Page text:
The docks continued to be busy at the Port of Long Beach in October as cargo volume rose 6.3 percent compared to the same month last year, making for the best October in eight years. The gains also come on the heels of the top quarter in the Port’s 104-year history.
Strong export growth of 6.5 percent in October buoyed the Port’s overall numbers as shippers turned to the Port of Long Beach for reliable service. A slight decline in imports indicated that retailers of clothing, electronics and other consumer goods apparently stocked up early for the rapidly approaching shopping season that starts with “Black Friday” — the day after Thanksgiving.
“We had an early peak in July and August, with much of the inventory for the holiday shopping season coming early. On the export side, we’ve seen increases for the past two months, as shipping lines choose Long Beach for its reliability and service,” said Port of Long Beach CEO Jon Slangerup. “Year to date, we’re up more than 5 percent, so 2015 is shaping up to be one of our best years ever.”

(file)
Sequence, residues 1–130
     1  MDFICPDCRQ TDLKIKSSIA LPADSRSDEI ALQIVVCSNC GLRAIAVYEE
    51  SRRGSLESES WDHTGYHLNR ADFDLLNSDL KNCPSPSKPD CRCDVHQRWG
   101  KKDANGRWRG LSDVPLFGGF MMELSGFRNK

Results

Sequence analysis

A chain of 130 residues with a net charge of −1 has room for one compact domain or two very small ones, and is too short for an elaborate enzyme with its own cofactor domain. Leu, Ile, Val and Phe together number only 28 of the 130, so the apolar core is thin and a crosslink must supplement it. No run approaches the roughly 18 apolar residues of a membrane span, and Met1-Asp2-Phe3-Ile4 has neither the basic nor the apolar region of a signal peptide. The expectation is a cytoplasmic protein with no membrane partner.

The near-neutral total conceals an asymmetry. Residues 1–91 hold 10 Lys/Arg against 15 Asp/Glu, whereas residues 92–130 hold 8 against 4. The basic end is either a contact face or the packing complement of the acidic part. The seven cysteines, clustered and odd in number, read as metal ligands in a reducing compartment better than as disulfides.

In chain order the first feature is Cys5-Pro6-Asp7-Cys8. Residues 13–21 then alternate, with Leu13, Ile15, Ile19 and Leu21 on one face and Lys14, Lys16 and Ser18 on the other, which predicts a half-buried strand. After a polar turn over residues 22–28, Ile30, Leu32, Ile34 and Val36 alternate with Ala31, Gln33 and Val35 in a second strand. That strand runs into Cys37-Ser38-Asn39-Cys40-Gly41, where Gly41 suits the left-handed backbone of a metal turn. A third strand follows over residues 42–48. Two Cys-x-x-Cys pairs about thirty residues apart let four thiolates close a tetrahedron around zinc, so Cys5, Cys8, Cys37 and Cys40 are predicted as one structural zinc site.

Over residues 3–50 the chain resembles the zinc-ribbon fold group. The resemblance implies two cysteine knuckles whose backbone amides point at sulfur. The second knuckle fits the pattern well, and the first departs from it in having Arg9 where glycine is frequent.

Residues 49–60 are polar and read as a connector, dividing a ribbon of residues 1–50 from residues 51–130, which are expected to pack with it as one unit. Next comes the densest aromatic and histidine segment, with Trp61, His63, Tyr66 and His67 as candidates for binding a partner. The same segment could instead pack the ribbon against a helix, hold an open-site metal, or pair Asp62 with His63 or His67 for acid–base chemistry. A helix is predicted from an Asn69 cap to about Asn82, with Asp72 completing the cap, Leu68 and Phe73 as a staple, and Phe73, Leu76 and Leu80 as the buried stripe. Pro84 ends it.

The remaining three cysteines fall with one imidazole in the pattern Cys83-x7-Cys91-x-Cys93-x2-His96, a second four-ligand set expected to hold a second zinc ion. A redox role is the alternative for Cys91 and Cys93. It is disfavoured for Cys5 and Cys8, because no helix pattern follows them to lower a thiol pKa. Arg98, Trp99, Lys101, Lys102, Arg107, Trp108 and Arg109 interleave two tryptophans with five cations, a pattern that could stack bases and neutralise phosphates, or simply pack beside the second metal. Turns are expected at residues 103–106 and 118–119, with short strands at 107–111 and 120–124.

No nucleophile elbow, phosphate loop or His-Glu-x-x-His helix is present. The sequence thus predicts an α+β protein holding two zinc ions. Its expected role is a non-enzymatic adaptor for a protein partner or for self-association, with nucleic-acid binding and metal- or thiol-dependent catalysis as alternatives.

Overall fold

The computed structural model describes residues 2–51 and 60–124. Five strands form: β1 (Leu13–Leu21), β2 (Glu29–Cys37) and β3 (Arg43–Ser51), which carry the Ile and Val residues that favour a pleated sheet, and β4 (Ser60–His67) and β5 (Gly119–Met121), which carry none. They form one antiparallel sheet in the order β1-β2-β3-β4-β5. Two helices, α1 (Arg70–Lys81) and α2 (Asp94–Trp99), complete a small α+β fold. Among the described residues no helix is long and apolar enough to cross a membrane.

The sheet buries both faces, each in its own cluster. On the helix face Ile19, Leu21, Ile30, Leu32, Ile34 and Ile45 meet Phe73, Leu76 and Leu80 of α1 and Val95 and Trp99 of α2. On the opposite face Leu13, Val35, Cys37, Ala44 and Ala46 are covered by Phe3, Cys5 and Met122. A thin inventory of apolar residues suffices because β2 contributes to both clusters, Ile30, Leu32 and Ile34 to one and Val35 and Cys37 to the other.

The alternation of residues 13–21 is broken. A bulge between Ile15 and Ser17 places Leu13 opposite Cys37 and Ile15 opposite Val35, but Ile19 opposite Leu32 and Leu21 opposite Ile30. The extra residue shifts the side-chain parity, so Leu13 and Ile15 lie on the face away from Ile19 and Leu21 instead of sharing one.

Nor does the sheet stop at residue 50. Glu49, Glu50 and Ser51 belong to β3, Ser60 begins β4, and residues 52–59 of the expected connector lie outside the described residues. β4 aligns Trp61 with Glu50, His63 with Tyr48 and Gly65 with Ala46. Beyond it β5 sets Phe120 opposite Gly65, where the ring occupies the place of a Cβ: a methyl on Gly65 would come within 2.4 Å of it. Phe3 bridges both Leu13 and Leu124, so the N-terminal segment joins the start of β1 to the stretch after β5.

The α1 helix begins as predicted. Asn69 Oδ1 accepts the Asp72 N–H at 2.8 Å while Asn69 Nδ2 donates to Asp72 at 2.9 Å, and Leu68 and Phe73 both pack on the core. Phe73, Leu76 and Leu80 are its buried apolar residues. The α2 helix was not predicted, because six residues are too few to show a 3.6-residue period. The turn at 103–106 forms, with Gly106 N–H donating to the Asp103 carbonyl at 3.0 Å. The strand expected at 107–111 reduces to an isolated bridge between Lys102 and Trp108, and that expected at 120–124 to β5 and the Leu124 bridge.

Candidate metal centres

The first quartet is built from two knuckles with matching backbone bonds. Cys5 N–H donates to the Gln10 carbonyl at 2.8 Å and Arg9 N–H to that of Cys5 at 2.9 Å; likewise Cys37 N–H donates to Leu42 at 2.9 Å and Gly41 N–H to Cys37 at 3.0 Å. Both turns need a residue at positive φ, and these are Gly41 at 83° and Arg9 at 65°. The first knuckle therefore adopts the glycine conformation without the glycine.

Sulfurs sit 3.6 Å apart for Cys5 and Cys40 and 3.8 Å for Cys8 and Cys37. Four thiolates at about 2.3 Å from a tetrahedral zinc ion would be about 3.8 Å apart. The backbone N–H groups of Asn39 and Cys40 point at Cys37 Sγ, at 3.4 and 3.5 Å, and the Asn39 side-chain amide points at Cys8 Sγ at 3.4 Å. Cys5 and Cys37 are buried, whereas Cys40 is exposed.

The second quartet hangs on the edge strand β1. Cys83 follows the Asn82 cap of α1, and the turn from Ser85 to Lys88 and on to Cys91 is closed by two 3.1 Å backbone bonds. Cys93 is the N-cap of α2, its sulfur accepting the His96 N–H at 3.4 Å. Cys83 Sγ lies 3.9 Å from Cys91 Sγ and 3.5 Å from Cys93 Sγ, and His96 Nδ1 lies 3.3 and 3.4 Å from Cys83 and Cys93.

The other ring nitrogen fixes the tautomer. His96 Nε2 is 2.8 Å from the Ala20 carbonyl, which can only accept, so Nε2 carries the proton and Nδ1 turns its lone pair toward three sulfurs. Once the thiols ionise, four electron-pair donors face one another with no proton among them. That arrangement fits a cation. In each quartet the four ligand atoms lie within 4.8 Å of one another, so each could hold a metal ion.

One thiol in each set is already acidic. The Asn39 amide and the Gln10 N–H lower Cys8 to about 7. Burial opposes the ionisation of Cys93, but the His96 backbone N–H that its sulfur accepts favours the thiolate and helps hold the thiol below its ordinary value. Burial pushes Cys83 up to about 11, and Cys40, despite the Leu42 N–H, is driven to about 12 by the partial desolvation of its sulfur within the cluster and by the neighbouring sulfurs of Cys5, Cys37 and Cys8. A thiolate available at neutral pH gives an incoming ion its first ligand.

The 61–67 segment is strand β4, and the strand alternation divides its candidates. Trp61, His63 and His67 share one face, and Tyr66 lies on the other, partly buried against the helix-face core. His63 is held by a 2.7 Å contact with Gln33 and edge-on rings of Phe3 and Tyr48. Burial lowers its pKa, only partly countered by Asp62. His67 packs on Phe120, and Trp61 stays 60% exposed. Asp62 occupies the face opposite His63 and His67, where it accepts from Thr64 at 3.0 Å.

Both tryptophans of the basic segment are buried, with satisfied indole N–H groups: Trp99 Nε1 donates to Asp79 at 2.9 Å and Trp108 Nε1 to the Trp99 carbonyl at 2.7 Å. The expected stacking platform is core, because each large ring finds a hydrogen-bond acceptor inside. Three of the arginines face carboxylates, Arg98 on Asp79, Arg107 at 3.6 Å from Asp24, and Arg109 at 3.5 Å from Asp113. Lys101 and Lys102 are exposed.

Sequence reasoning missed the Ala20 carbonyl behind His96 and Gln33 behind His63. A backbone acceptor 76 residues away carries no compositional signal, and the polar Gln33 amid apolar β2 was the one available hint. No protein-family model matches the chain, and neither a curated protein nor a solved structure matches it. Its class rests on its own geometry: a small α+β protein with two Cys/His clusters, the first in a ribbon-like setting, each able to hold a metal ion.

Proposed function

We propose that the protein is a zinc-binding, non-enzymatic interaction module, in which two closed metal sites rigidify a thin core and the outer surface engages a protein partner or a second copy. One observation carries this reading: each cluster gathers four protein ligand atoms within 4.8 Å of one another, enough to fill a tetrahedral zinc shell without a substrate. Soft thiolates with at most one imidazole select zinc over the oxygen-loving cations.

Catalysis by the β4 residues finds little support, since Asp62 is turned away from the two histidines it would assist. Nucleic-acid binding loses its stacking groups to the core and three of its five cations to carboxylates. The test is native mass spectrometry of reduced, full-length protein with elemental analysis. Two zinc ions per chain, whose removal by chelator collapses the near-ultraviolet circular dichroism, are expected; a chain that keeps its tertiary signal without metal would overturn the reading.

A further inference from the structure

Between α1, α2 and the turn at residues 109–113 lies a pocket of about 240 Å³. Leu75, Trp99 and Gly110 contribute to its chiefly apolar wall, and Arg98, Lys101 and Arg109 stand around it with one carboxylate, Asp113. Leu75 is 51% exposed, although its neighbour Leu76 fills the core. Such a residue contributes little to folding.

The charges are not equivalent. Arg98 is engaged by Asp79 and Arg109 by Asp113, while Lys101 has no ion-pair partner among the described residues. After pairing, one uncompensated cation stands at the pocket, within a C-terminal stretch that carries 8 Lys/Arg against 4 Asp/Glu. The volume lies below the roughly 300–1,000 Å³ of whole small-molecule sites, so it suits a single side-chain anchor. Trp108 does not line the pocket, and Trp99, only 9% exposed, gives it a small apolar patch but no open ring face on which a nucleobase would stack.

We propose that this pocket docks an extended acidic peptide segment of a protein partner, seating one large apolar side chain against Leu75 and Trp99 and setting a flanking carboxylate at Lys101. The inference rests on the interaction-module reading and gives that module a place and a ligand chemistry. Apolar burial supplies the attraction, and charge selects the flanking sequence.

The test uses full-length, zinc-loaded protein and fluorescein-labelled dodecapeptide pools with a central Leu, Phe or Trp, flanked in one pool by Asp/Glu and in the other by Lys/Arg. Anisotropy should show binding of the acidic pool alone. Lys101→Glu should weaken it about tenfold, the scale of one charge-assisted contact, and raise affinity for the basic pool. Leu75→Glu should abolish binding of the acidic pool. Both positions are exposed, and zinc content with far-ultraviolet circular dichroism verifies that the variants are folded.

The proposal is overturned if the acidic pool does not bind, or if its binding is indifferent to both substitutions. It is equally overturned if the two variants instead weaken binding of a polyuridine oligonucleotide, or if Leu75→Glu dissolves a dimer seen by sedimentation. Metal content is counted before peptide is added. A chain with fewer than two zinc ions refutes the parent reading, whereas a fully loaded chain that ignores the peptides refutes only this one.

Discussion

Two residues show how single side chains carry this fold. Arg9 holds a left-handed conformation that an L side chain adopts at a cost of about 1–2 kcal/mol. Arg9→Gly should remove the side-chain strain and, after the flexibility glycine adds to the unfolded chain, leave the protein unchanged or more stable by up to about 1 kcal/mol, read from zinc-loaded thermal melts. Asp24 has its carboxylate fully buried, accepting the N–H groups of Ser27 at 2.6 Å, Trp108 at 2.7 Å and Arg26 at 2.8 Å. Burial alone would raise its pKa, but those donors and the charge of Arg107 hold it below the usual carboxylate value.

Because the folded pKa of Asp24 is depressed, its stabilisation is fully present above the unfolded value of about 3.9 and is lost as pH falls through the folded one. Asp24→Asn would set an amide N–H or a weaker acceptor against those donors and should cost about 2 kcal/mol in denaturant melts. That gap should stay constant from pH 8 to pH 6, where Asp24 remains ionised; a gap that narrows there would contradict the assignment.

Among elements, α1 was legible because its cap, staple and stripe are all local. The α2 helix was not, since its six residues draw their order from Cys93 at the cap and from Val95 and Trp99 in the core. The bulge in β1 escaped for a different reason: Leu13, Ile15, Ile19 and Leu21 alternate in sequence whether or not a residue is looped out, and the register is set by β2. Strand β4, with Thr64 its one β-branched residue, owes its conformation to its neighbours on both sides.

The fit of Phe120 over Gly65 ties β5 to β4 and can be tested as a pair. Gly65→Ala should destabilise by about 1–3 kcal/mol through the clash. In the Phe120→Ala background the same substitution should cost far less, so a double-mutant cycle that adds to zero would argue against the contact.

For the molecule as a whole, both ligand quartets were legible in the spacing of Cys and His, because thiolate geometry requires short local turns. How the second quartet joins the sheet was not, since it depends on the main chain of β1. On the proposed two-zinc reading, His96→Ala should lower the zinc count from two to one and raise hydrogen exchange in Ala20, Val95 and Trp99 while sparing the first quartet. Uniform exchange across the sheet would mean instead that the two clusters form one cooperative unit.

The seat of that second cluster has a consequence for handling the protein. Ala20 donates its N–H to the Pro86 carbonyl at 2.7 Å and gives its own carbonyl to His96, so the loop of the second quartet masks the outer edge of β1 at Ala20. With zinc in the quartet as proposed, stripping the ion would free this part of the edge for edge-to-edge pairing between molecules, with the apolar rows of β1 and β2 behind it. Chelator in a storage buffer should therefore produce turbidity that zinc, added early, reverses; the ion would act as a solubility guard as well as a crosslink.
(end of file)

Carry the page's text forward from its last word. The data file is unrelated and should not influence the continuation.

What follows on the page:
A total of 619,983 TEUs (twenty-foot equivalent units) moved through the Port in October. Imports were down 0.8 percent to 307,995 TEUs. Exports increased to 128,308 TEUs. Empty containers continued to rise, climbing 20.8 percent to 183,681 TEUs. Empties are sent back overseas to be refilled with goods.
The National Retail Federation has forecast that retail sales in November and December would increase 3.7 percent from last year. Through the first 10 months of 2015, Long Beach cargo was up 5.4 percent overall compared to the same period last year. Volume is reaching pre-recession levels of trade and demonstrating the ability of Long Beach industry stakeholders to handle high amounts of cargo.
With an ongoing $4 billion program to modernize its facilities, the Port of Long Beach continues to build the Port of the Future, by investing in capital and service improvements that will bring long-term, environmentally sustainable growth.
For all the latest monthly cargo numbers, click here.
For more details on the cargo numbers, please visit www.polb.com/stats.
Photo: Mayor Robert Garcia, Harbor Commissioner Tracy Egoscue and Port Environmental Planning Director Heather Tomley at the event.